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First Thoughts
  By Dan Gilmore - Editor-in-Chief  
     
   
  July 22 , 2011  
     
 

Supply Chain News: Inventory Performance 2011

 
 

For the last several years, I have been doing reporting and analysis based on the annual Working Capital Scorecard that had been published by CFO magazine based on data compiled by REL, a division of the The Hackett Group.

My work on this has focused on the inventory part of the working capital equation - more on that in a moment. This year, however, the data available from CFO magazine was a bit limited, and The Hackett Group shared the numbers with me directly - and it is very interesting as always. The just released 2011 data is based on year-end 2010 financials from hundreds of US public companies.

Gilmore Says:

As you can see in the full size image, restaurants and pharmaceutical companies topped the performance list, both dropping DIO measures by 16%. Conversely, textile/apparel companies and network/communications equipment providers saw the biggest increases in DIO.


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While I think my previous reports on this data have been good, I have not been completely happy with the results, in part because of the way the data has been organized by REL. Some of the sector groupings REL uses didn't really work either generally or from an inventory-specific perspective, but I have let that slide in the past , mostly out of necessity. For example, home builders like Toll Brothers were mixed in the household durables category with companies like Whirlpool. That may have been the most "apples and oranges" combination, but there were a number of others that didn't quite jive, at least from a supply chain perspective.

So this year we took the effort and sorted the data in ways that we think made a bit more sense when looking at inventory levels. That primarily involved removing a number of companies from different sector groupings (e.g., taking the mining companies out of the Metals and Mining category so that it becomes just metals producers). We also looked at Specialty Retailers as a whole, but then broke them down into sub-sectors, such as apparel, auto parts, office supplies, etc.. Finally, and importantly, REL has historically always used the median score when reporting on each sector; we decided instead to look at the average, I think to the better.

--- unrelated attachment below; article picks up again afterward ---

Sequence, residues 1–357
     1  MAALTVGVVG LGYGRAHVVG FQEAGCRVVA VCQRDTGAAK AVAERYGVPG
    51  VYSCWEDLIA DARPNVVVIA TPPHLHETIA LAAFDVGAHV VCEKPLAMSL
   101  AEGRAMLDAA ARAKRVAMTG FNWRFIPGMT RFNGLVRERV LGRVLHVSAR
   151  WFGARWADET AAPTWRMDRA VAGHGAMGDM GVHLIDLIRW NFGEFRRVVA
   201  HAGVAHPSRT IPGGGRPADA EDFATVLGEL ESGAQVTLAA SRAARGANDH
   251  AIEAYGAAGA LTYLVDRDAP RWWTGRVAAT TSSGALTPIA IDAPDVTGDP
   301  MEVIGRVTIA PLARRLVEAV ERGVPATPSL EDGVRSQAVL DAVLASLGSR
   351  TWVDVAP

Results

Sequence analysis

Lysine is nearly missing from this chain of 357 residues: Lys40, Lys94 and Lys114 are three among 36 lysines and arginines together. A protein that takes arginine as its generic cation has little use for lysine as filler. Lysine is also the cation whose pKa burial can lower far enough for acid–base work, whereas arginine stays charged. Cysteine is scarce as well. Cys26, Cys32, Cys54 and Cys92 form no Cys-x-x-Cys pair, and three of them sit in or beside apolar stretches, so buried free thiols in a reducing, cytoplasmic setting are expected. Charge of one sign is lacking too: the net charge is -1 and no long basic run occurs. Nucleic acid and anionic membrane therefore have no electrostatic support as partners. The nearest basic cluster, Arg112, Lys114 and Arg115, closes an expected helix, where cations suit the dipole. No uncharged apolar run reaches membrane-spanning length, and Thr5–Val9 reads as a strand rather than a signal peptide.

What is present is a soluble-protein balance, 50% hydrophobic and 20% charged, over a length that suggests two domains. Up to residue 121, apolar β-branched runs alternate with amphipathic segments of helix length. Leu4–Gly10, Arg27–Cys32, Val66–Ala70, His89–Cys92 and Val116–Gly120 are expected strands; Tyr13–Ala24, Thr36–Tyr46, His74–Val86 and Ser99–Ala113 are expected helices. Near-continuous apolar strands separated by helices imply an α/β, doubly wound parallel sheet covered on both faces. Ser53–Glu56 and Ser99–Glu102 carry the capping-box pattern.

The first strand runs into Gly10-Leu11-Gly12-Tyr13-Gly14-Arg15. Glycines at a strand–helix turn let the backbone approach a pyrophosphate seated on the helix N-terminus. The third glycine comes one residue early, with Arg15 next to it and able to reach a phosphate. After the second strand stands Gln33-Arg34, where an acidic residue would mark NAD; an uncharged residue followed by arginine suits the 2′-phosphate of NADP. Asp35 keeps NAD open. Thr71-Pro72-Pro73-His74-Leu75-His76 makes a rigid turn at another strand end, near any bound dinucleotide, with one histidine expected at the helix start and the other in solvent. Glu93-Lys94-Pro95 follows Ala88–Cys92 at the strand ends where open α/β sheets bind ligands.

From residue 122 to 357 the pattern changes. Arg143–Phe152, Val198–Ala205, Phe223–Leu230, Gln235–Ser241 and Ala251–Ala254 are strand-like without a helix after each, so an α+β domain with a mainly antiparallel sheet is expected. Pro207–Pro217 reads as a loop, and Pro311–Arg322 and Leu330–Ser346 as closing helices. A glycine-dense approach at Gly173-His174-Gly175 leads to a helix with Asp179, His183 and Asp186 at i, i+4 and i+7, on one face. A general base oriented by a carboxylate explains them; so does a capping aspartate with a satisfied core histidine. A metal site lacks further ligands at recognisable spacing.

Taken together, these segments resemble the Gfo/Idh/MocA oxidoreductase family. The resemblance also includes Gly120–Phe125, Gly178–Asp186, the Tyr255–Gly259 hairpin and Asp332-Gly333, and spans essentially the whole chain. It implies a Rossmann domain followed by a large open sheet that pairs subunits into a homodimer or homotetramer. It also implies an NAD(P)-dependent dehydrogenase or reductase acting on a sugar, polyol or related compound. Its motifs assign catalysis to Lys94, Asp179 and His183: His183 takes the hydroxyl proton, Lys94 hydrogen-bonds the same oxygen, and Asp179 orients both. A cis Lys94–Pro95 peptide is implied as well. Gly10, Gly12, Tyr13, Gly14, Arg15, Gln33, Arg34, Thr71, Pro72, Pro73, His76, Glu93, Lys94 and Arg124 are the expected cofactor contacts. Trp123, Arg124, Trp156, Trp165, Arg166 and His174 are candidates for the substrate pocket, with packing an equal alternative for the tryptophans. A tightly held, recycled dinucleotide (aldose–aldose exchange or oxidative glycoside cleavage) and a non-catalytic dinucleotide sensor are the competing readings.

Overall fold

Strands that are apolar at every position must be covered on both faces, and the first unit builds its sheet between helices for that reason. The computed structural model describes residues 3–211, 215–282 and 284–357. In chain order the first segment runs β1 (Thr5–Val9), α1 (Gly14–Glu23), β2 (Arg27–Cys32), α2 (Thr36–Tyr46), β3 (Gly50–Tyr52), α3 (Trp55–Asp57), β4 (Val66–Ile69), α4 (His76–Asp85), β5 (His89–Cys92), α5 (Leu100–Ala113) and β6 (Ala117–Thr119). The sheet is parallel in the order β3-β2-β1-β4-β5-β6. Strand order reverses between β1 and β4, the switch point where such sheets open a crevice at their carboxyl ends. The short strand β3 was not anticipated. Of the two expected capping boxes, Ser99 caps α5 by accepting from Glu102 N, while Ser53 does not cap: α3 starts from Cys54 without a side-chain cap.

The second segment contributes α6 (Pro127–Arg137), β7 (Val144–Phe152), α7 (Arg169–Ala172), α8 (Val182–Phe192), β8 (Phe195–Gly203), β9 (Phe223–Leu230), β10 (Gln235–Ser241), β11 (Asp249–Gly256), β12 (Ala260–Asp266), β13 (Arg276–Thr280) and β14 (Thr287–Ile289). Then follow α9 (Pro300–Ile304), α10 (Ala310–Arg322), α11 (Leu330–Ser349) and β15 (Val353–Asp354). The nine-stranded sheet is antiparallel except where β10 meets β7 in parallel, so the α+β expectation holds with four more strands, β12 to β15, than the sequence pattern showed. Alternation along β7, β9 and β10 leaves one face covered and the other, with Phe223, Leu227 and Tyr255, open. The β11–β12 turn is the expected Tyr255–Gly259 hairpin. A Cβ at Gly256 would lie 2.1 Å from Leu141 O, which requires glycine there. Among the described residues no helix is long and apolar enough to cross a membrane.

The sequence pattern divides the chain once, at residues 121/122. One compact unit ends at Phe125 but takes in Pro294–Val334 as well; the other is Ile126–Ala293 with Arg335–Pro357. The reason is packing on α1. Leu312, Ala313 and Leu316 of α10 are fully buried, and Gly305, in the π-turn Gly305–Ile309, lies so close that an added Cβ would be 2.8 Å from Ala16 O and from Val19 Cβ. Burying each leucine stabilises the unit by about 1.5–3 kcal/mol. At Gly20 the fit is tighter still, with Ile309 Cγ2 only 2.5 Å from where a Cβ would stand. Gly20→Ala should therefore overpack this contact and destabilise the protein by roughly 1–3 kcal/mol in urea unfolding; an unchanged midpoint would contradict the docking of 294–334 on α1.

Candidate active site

Working Capital is something of a strange term, as it sounds like a good thing. But it isn't as defined here - money tied up in working capital is cash that has to be borrowed or cannot be put to better use in the business. Working capital has three components: Days Sales Outstanding (how fast a company collects its money); Days Payables Outstanding (how fast - or slow - a company is to pays its suppliers; and Inventory levels (how much cash is tied up in inventory).

The study as always measures inventory using Days Inventory Outstanding, meaning how many days of sales is the company holding in inventory, and which it defines as:

End of Year Inventory Level/[total revenue/365]

As such, it is sort of the reverse of inventory turns, in that a higher DIO, all things being equal, means poorer inventory management performance, while a lower number signals improvement.

Looking at the data across all the three dozen or so sectors we picked from the REL data, below you will find changes in the average DIO from 2005 to 2010. (Savvy readers clicking to view the full sized image may get some idea of one of the exciting developments we have going on here that I referenced in a few columns ago).

 

View Full Size Image

The chart perhaps somewhat exaggerates the level of change based on the Y-axis range, but the low as an average DIO of 49.1 in 2005 to a high of about 50.6 just last year. That's about a 3% swing from low to high - and I wouldn't have guessed 2010 would have been the high water mark. Some have said that with the cost of borrowing so cheap and the cash on the balance sheet so high for many companies that they just haven't been that focused on inventory reduction in the last 12-18 months. Maybe so.